A few posts ago I mentioned that I’d made a couple of acquisitions that I needed to blog about. So without further ado, let’s go!
We went out to breakfast during the Jubilee weekend to one of our favourite places. A couple of doors down is quite a nice little antique sort of shop called Retro Boutique. We often go in there to have a browse at the vinyl, or random bits of furniture. Once I’ve seen an old Frister & Rossman hand-crank machine in there, in not great shape but this time when I came in and walked up the stairs, we saw this:
A gorgeous little Singer – a sort I’d never seen before in a lovely little treadle table complete with lid.
Here’s a close-up:
And what I assumed to be the serial number:
I had no idea what this machine was – I just knew it was so cute and dinky that with it being on sale at half price I had to have it!
So awesome! A nice machine in good condition – yay! It then got even better as we walked around the upstairs and came across this:
What looked like a Singer 27/127 (wasn’t sure how you tell the difference) with Sphinx decals in the most fabulous treadle table with coffin box lid. Hadn’t seen many tables like this – with 7 drawers (six quite ornate with little handles) and just lovely. This was unfortunately not half price and a little expensive, but I SO wanted it for the table.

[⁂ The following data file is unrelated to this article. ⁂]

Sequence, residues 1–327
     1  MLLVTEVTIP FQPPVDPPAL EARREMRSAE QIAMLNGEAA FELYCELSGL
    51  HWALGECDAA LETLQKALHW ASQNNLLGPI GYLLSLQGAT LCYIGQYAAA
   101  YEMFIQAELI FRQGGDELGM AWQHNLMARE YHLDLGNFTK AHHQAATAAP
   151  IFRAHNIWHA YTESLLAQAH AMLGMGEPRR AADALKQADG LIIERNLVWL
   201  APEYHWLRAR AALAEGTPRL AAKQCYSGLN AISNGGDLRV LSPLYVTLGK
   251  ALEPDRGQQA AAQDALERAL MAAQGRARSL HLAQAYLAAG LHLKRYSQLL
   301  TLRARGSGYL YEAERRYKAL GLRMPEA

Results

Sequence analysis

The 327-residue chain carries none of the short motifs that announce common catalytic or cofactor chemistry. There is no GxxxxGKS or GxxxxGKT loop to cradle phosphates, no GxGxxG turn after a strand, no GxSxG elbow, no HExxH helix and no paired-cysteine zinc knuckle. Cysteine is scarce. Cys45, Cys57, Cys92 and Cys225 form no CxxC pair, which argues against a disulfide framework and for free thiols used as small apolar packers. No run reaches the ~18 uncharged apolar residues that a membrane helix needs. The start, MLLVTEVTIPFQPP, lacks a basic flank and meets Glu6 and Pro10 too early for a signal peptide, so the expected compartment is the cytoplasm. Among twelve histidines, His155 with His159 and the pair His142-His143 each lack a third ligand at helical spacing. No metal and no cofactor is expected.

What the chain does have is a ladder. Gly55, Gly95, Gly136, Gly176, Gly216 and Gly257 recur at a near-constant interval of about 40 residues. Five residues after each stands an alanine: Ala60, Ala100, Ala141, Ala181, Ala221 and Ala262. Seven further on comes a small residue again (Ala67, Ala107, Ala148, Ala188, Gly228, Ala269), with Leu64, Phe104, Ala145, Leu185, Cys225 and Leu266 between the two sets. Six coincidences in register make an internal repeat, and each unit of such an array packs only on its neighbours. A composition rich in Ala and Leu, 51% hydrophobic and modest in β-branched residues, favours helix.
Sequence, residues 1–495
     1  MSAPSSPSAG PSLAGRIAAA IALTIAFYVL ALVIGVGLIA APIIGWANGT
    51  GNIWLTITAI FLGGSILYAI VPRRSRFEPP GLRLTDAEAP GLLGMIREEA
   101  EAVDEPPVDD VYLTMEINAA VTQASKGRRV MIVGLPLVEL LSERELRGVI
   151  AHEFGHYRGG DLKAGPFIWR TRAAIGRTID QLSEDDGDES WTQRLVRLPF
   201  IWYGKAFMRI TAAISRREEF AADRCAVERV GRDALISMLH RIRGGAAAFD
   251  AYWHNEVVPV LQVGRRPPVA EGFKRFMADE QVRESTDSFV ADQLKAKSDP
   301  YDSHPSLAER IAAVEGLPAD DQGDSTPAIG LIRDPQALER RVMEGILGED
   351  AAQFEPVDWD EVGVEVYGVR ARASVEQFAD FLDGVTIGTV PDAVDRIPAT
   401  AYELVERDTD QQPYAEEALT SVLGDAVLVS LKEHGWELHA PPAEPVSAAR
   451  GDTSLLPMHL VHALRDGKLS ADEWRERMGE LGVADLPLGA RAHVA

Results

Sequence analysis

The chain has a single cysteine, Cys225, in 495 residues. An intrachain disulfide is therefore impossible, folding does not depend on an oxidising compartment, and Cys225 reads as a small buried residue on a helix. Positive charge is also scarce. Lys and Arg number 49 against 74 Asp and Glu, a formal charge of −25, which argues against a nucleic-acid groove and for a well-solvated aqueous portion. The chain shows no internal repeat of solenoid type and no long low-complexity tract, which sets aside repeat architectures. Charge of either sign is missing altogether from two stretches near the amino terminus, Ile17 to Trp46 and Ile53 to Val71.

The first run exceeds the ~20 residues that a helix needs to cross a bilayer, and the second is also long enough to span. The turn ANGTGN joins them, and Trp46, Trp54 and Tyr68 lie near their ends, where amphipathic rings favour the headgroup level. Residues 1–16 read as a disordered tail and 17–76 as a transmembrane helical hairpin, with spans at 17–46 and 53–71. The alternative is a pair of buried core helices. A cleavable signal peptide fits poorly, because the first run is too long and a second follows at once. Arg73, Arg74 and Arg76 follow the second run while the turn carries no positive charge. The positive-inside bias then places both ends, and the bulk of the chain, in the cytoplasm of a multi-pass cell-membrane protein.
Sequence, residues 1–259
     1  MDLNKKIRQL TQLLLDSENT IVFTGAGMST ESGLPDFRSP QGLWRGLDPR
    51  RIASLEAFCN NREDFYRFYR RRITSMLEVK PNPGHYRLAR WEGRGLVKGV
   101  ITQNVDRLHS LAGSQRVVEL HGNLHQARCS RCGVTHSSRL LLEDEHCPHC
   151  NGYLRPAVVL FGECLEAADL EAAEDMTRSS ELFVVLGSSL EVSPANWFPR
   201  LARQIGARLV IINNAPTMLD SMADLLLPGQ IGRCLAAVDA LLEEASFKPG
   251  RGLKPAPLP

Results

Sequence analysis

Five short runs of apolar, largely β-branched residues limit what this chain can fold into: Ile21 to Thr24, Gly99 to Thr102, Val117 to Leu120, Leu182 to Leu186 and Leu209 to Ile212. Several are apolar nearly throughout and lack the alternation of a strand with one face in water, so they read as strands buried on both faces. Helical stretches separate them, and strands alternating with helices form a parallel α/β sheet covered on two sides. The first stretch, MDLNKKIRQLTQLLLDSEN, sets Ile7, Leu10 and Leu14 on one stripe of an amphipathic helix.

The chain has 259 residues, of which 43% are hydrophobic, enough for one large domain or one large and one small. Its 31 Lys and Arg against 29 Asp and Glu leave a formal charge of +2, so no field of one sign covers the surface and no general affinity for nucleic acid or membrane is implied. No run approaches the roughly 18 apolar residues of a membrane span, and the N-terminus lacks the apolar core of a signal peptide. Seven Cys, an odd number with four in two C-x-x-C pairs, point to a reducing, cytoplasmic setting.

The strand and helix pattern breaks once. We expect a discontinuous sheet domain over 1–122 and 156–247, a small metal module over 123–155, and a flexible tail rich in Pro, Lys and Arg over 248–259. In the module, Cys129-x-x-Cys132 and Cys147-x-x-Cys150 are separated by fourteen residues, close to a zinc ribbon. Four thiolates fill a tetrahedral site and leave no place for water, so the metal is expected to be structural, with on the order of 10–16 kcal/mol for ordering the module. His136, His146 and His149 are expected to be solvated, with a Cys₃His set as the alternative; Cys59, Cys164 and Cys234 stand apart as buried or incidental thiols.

So despite having no room whatsoever for a treadle, I ended up buying both. They got delivered the next day so I was able to take some better pictures.
The first machine turned out to be a Singer Model 12 – one of the first production models Singer made. I was able to date it using the weird serial numbers – apparently you use the top number, which put this baby at being born in 1889. Scary old!
The treadle is apparently original, although the top has probably been refinished.
The decals as you can see are not in terrible shape. The plan for the 12 is to do it up a bit, get it sewing and sell it on – as this is a machine that it can be hard to get spares for and so more of a collector’s item. I really don’t have room for a machine, however pretty that’s just going to sit there.
The only barrier to my being able to get it working is a supremely busted gear underneath:
Thankfully I have another machine that I’m sourcing for parts so it should all come good in the end 🙂
Now on to the second machine – where I’d decided that I’d keep the table and use it as my primary sewing table and find a new home for the machine. The placement of the bobbin winder means it’s a 27, not a 127 where the winder sits higher up and the serial number tells me it was born in 1898. And what a table it is:
It’s a shame the machine decals aren’t better, but they’re still pretty good in places:
Lots of work needed to get this table top into a better state, but we’re well prepared for that! Sphinxy came with about six bobbins and the shuttle is intact, so there should be no problem getting it working and finding it a new home.
Lots more updates to come on both machines/tables as they are restored and put to use.